Another form potentiometers come in are as trimmers, or trimpots. They’re smaller than the above ones and are used on circuit boards. They’re usually adjusted just once (or very rarely) as a way to calibrate an electronic circuit.
Potentiometers aren’t all rotating components though. They can also be sliders, as shown in the photo of an equalizer on a keyboard. These are prone to dirt getting inside them and interfering with the mechanism, which is the case with the one pictured (I know because it’s mine and some are a little hard to move).
As I said above, when only two terminals of a potentiometer are connected to then it’s often called a rheostat. Rheostats are usually rated for a higher wattage than the types of potentiometers pictured above, and certainly for more watts than a volume control.
To handle the higher wattage they’re usually made by winding a resistance wire on an insulated core and then having a wiper slide over the wire, making light contact wherever it touches the wire. Recall the electrical symbol for a potentiometer from the beginning of the article where three terminals are used. Since you connect to only two terminals of a rheostat the symbol is different; a resistor symbol with an angled arrow (which doesn’t connect) placed through it. Below you can see both the zigzag line IEEE standard version and the rectangle IEC version here.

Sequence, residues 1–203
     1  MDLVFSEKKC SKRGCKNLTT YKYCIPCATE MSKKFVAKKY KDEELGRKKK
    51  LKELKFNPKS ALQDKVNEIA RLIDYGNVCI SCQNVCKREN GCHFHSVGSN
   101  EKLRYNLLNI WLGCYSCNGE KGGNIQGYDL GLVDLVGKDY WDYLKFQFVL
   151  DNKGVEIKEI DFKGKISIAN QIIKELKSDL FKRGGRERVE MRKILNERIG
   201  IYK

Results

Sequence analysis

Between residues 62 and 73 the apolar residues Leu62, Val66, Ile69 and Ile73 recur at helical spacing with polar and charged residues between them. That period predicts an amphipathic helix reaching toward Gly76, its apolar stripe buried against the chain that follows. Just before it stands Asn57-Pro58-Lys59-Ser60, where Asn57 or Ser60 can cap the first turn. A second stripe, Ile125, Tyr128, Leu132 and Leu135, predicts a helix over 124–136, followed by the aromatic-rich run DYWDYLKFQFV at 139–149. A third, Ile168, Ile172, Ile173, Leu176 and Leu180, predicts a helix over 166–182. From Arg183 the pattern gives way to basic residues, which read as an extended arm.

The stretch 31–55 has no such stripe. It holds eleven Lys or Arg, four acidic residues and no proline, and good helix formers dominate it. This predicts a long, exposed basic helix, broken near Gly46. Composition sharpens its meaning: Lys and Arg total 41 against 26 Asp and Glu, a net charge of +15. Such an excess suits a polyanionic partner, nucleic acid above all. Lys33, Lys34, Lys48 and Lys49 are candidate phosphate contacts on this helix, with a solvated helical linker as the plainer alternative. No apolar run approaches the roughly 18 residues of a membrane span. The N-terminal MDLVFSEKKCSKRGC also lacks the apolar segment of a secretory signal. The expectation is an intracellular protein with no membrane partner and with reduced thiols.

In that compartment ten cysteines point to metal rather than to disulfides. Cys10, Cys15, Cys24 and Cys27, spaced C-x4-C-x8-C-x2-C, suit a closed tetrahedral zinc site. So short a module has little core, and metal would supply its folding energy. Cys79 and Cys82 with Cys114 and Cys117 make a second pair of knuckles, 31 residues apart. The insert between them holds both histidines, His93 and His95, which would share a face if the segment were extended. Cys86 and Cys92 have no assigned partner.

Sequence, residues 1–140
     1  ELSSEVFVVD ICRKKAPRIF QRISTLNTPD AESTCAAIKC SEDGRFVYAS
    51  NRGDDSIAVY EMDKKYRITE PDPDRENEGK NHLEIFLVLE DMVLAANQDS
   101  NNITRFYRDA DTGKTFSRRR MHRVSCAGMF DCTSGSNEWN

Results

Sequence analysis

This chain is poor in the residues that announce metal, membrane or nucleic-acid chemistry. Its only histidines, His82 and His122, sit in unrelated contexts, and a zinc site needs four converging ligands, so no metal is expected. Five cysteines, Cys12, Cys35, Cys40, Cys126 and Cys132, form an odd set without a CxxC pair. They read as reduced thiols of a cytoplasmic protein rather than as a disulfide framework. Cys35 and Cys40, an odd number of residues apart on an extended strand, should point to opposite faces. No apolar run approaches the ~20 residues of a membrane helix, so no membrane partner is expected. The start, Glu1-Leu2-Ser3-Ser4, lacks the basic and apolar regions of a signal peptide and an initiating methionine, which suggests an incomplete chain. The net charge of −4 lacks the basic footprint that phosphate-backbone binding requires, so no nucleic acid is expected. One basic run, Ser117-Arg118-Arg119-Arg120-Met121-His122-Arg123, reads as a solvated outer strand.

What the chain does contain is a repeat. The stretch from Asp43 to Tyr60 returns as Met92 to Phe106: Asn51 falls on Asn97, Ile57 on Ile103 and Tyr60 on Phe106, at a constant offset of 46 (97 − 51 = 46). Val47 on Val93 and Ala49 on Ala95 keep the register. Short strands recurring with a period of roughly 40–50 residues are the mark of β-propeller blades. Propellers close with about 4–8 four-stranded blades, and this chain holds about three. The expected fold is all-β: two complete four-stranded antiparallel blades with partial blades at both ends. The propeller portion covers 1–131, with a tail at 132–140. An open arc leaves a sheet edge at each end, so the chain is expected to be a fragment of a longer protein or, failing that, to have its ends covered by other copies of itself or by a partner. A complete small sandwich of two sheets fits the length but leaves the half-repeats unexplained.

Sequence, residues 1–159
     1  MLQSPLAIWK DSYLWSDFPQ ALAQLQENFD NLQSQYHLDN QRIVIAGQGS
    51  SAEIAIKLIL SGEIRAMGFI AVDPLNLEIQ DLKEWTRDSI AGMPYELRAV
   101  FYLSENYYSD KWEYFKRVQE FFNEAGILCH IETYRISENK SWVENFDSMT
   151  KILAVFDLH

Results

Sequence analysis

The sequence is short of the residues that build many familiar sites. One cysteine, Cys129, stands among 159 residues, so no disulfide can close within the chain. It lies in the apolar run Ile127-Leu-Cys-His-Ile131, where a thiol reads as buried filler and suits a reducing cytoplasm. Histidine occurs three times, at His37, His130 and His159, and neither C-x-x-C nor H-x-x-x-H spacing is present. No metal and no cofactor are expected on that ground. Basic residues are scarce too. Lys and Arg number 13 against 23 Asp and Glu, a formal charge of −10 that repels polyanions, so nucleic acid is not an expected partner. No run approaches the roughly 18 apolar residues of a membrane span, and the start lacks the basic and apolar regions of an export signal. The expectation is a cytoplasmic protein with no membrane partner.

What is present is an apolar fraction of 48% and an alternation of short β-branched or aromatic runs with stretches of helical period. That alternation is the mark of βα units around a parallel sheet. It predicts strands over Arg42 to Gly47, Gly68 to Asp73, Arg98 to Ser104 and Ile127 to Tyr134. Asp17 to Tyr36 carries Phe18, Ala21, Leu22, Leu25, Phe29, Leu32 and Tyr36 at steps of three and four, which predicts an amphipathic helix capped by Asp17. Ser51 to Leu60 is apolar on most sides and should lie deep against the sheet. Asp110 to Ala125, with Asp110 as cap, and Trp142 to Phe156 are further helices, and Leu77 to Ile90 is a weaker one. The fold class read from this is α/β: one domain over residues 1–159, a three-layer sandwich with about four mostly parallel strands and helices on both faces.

A membrane potentiometer consists of a flexible, insulating and often transparent membrane with a resistive strip attached under it. Spaced out below that is a base on top of which is printed a conductive path. When a finger or other object presses down on the flexible membrane with its resistive strip, an electrical connection is made to the conductive path. This results in a voltage at the terminal of the resistive strip. The voltage varies depending on where the connection is made with the conductive path. Note that this is the same circuit as in the first schematic for a potentiometer at the beginning of this article.
The resistance for one from Sparkfun called the SoftPot varies linearly from 100 ohms to 10 kilohms with a 1 watt rating.
If the connection isn’t always present, as when a finger is used to make the connection, then a pull-down resistor should be present (e.g. 100 kilohms). However, with some membrane potentiometers a magnet or a wiper is always putting pressure on the membrane, resulting in a constant connection.
A resistive touchscreen is similar to a membrane potentiometer except that both layers have resistive material on them and that material is transparent. The front membrane is flexible and also transparent so that a finger or stylus can press against it to create a connection. Think about inexpensive PDAs from a decade ago, or some children’s toys still today. The technology is still in use but the smartphone revolution has been built on capacitive touchscreens which don’t require a flexible membrane.